The effect of porous infusion balloon-delivered angiopeptin on myointimal hyperplasia after balloon injury in the rabbit.
BACKGROUND Angiopeptin, a synthetic somatostatin analogue, reduces myointimal hyperplasia after experimental balloon angioplasty when given subcutaneously. The feasibility and efficacy of a single dose of angiopeptin delivered locally via the Wolinsky porous balloon on myointimal hyperplasia were studied.
METHODS AND RESULTS Three rabbits received 125I-angiopeptin in the mid abdominal aorta via the Wolinsky balloon at 5 atm for 1 minute after balloon injury. Thirty minutes later, autoradiography demonstrated radioactivity in the media and the adventitia. Forty rabbits were divided equally into one control group receiving saline and three angiopeptin groups receiving 1, 10, or 100 micrograms/mL of angiopeptin delivered locally at 5 atm for 1 minute via the Wolinsky balloon into the mid abdominal aorta after balloon injury of the entire abdominal aorta. On day 21, the abdominal aortas were fixed in situ and harvested. There was no statistical difference in the amount of myointimal hyperplasia in the locally treated aorta in the angiopeptin groups compared with the control group. However, in the lower abdominal aorta, where balloon injury without local delivery was performed, there was a significant reduction of myointimal hyperplasia in the highest-concentration angiopeptin group (P < .001 versus the control group). Electron microscopy showed that the control animals had a pseudointima of smooth muscle cells throughout the aorta, whereas in all the angiopeptin-treated animals, endothelial cells were present at both locations.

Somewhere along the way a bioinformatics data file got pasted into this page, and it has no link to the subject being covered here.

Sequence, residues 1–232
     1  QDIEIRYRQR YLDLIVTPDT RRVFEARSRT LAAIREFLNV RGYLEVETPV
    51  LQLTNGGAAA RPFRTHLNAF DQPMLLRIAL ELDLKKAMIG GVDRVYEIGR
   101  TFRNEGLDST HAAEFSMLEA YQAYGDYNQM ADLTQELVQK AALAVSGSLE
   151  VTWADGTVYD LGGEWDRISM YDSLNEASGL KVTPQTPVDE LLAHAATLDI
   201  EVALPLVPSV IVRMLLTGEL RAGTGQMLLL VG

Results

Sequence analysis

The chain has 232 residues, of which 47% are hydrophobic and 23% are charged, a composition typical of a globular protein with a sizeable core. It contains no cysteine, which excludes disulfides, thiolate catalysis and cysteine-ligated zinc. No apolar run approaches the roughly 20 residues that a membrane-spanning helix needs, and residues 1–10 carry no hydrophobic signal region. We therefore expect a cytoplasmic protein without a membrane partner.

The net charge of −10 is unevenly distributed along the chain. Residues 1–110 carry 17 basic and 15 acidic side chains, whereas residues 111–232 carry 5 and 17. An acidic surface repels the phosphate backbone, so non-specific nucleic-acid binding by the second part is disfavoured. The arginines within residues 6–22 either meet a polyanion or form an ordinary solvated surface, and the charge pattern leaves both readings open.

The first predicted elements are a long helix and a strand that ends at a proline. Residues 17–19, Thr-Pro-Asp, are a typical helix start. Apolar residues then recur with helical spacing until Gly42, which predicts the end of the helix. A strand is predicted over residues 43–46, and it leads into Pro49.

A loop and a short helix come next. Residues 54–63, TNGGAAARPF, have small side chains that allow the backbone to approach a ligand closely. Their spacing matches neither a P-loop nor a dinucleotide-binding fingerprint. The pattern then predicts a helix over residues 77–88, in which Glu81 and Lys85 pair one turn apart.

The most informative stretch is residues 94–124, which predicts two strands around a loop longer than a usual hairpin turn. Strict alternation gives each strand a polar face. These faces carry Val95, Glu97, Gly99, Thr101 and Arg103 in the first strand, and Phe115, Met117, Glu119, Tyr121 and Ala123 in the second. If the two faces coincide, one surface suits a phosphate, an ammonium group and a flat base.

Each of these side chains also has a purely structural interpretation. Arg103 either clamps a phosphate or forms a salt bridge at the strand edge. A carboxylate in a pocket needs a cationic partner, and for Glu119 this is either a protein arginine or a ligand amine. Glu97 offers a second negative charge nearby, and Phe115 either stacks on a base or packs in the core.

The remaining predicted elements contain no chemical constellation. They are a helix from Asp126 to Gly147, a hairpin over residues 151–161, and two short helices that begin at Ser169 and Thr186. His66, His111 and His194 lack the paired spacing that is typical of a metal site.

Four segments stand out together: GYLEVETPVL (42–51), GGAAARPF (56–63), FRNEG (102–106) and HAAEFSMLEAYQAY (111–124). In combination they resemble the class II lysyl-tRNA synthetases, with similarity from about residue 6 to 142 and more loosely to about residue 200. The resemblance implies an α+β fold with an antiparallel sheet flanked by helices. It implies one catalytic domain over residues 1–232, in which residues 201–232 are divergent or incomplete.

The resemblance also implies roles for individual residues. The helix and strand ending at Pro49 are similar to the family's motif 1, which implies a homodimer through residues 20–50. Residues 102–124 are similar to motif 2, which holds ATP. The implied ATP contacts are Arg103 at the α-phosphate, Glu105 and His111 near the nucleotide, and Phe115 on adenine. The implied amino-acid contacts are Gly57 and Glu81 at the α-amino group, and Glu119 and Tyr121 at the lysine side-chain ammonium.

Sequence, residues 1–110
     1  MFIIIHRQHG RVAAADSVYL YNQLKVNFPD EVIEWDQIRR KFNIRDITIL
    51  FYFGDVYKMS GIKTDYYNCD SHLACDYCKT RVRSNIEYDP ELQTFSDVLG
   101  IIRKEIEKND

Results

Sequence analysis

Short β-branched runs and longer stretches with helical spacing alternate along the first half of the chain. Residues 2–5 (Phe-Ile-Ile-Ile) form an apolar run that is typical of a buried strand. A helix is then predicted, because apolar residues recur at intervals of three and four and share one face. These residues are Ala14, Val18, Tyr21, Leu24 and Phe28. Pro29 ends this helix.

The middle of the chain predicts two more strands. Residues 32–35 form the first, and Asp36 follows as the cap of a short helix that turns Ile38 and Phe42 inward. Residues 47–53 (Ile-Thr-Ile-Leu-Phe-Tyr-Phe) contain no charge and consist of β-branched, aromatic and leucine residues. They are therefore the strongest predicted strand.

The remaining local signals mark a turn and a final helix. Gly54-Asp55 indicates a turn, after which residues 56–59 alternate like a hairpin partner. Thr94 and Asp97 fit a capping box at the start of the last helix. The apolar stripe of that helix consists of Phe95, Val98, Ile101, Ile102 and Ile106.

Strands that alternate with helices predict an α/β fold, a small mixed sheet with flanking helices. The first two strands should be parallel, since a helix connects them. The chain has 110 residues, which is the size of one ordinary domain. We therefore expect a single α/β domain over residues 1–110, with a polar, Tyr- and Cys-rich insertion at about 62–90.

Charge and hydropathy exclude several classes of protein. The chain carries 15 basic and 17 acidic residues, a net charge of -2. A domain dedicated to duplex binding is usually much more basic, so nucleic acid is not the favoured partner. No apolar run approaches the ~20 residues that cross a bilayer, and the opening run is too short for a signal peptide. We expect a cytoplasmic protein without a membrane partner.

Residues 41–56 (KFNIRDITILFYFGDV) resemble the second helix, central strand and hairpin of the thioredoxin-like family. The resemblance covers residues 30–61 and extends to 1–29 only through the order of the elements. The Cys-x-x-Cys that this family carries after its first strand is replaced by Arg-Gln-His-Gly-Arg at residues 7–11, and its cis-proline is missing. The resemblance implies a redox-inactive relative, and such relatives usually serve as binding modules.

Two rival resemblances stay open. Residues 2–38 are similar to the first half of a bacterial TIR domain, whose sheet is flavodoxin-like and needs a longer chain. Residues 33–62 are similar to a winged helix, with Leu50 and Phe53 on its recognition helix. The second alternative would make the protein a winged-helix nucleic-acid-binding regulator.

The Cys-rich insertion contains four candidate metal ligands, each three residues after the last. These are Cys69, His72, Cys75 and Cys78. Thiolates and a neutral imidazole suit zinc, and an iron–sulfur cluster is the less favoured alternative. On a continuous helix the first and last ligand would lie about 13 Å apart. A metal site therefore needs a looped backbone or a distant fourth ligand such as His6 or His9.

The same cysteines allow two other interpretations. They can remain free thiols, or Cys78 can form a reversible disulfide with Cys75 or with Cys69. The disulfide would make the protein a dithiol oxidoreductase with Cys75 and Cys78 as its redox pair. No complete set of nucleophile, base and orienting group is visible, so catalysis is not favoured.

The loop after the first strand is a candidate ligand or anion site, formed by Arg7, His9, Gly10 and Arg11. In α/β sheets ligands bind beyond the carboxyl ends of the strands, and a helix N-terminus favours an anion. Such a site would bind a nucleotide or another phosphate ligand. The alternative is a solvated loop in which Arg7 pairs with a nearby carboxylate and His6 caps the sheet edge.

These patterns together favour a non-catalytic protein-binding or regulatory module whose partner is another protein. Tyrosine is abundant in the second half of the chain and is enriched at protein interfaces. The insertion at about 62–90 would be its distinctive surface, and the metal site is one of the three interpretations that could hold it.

CONCLUSIONS Angiopeptin can be delivered intramurally via the Wolinsky porous balloon and reduces myointimal hyperplasia only in the area distal to the local drug delivery site (downstream effect), possibly by healing the injured endothelium, by transport via the vasa vasora, and/or by systemic effect.
- Copyright © 1993 by American Heart Association